The software is supplied by Bexhill and it also supplies the funding. When it is the time to settle the premium payments with the underwriter, the broker’s finance company borrows the difference from Bexhill to top up the cash already collected and pays the money to the broker. Bexhill then starts collecting monthly instalments from the finance company from the following month.
Bexhill says that using this independent approach means more cash for its users. The broker has flexibility in setting the interest charged and is also able to substantially improve his income each time an endorsement or other amendment is made to a credit agreement.
Other providers have been quick to criticise the Bexhill model, saying it is too much hassle for most firms.
And, Linda LoCastro, marketing manager for RBS Finsure says: “One fact is that we don’t charge our customers for making changes to their agreement throughout the year, or if a payment bounces, whereas most of our competitors do.”
But, Olga Smith, Bexhill’s operations director is clear on the benefits. “There are brokers who want to be in control and have had enough of third party providers. We are there to offer support. We always hear that they are tired of the faceless service offered by others.”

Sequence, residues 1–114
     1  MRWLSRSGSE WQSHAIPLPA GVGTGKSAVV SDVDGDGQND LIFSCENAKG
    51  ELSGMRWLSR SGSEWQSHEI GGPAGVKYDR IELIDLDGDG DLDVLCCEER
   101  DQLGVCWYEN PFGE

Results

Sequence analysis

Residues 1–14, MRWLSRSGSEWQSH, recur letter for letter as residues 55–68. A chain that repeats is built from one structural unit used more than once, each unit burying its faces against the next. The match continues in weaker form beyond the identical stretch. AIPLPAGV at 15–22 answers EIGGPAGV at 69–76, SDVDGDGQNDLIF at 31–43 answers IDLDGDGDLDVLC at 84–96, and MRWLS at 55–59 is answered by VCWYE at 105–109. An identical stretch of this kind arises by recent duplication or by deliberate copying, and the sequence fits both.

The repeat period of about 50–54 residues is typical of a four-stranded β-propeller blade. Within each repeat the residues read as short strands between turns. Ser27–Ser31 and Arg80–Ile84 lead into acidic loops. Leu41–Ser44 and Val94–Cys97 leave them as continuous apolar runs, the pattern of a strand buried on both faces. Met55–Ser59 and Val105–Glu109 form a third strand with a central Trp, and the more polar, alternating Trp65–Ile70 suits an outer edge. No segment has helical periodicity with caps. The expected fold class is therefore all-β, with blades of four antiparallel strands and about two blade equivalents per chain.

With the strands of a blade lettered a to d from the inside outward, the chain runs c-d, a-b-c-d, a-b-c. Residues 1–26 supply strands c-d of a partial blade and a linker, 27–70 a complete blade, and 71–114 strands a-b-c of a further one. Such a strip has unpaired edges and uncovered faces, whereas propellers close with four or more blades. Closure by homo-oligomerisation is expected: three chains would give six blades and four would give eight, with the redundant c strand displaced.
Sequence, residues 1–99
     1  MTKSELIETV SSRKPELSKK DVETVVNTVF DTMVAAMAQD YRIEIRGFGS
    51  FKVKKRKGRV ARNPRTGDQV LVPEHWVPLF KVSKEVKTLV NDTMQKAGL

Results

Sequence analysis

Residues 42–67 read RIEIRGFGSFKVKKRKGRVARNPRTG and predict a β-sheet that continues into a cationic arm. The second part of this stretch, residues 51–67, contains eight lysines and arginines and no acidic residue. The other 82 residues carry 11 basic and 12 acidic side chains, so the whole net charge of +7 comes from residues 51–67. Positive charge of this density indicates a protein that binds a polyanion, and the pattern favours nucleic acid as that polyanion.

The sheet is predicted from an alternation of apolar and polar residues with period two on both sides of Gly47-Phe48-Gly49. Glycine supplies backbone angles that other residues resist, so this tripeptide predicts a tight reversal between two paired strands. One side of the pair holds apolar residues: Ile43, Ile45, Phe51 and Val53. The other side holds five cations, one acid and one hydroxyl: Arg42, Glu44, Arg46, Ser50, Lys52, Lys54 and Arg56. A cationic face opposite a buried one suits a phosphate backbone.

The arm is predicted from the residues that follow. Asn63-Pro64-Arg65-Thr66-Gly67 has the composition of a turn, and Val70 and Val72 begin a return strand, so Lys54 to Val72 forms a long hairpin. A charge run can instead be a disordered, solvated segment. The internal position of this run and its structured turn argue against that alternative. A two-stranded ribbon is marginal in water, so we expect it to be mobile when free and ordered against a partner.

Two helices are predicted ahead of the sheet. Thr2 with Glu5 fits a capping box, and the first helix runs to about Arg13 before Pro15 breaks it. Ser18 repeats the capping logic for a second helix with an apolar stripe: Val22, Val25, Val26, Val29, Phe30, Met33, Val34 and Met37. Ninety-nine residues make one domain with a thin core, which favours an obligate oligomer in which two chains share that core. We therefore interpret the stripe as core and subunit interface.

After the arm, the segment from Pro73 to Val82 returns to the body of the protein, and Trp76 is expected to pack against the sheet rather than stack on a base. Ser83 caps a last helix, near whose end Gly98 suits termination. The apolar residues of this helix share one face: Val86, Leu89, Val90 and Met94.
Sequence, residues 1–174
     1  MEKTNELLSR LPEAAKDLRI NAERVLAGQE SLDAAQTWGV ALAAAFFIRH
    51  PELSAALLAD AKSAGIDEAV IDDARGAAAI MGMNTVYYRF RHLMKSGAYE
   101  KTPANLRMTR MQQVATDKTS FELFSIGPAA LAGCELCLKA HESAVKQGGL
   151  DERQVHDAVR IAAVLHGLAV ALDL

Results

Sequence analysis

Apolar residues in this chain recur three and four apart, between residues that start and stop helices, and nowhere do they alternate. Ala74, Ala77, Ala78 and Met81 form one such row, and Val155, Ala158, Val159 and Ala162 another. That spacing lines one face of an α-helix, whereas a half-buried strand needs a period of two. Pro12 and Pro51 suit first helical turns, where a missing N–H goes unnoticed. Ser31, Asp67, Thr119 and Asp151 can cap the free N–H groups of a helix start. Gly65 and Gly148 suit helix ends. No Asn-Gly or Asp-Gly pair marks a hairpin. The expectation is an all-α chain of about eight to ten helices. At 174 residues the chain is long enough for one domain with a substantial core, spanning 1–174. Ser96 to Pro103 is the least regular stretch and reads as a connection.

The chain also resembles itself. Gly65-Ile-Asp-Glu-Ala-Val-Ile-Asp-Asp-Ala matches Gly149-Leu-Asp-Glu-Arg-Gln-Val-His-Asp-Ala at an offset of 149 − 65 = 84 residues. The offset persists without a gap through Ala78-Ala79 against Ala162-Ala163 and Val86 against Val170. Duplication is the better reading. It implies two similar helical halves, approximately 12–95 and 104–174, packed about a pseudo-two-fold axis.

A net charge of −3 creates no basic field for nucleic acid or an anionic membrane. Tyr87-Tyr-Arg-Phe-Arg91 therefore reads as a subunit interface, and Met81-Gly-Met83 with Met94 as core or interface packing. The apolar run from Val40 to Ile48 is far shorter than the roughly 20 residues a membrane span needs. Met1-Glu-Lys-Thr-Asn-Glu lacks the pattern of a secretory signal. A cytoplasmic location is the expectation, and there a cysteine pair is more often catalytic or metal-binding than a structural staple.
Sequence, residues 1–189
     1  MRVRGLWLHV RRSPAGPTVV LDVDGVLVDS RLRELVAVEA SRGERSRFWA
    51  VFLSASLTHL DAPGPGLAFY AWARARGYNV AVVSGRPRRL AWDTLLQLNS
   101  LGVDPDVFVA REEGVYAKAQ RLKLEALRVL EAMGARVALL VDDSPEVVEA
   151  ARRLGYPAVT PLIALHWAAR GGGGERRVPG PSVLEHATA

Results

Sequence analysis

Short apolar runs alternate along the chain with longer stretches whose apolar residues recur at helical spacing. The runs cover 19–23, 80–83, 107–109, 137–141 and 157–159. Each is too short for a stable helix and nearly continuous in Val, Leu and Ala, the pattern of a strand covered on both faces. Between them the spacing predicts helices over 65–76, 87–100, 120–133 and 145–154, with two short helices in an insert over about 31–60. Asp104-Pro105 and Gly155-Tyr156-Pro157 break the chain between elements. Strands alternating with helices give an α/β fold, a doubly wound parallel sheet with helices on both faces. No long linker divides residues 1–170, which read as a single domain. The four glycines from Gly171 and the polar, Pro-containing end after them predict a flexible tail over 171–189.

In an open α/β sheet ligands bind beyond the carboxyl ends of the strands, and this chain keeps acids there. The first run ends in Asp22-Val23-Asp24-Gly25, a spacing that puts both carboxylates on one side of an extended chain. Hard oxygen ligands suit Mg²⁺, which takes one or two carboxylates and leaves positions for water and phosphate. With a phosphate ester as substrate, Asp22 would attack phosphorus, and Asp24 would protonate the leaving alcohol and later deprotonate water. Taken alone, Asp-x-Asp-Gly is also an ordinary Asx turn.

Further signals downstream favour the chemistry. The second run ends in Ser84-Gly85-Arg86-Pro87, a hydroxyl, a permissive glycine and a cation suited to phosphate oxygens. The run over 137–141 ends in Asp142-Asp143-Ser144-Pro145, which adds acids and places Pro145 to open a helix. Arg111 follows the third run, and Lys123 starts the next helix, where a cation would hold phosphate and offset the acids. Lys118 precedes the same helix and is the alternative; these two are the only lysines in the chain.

She says she is used to the sniping in the market and comments: “This business is extremely aggressive, but you have to deal with it.”
Smith adds that success depends on the orientation of the broker – they need a strong desire to make it work. “You decide how much someone pays and over what time period, we take a small percentage and brokers can do very well.”
She explains that it is particularly straightforward for personal lines brokers. “With a lower premium, you can add on a higher margin, perhaps up to 12%. Of course, brokers still need to make sure they comply with the FSA’s Treating Customers Fairly principle and make sure information is clearly provided.”
John Upton, a director at broker Fairweather Insurance, is an unequivocal supporter of Bexhill. “It’s a doddle to use, although a little more work. We had no problems with our staff understanding the software, which just sits on everyone’s desktop.
“We tried most of the other providers in the market and they were either unpleasant to deal with or kept making promises which they didn t deliver. Bexhill are nice people and this is a better system for our method and of course we earn more.”